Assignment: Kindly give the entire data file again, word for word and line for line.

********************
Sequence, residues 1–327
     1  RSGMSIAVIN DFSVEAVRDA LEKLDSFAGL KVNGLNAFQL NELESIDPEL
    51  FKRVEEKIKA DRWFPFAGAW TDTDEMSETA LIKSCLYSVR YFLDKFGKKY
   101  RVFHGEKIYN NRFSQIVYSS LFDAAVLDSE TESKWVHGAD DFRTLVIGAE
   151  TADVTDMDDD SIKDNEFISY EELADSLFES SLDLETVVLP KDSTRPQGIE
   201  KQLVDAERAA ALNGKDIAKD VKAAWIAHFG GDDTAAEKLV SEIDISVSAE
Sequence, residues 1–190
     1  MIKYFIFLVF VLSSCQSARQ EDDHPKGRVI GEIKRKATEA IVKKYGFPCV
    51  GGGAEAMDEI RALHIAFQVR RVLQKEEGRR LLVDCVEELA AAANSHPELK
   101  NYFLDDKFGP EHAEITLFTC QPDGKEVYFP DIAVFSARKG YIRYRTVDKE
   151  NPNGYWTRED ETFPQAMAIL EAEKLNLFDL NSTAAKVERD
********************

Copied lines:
Sequence, residues 1–327
     1  RSGMSIAVIN DFSVEAVRDA LEKLDSFAGL KVNGLNAFQL NELESIDPEL
    51  FKRVEEKIKA DRWFPFAGAW TDTDEMSETA LIKSCLYSVR YFLDKFGKKY
   101  RVFHGEKIYN NRFSQIVYSS LFDAAVLDSE TESKWVHGAD DFRTLVIGAE
   151  TADVTDMDDD SIKDNEFISY EELADSLFES SLDLETVVLP KDSTRPQGIE
   201  KQLVDAERAA ALNGKDIAKD VKAAWIAHFG GDDTAAEKLV SEIDISVSAE
Sequence, residues 1–190
     1  MIKYFIFLVF VLSSCQSARQ EDDHPKGRVI GEIKRKATEA IVKKYGFPCV
    51  GGGAEAMDEI RALHIAFQVR RVLQKEEGRR LLVDCVEELA AAANSHPELK
   101  NYFLDDKFGP EHAEITLFTC QPDGKEVYFP DIAVFSARKG YIRYRTVDKE
   151  NPNGYWTRED ETFPQAMAIL EAEKLNLFDL NSTAAKVERD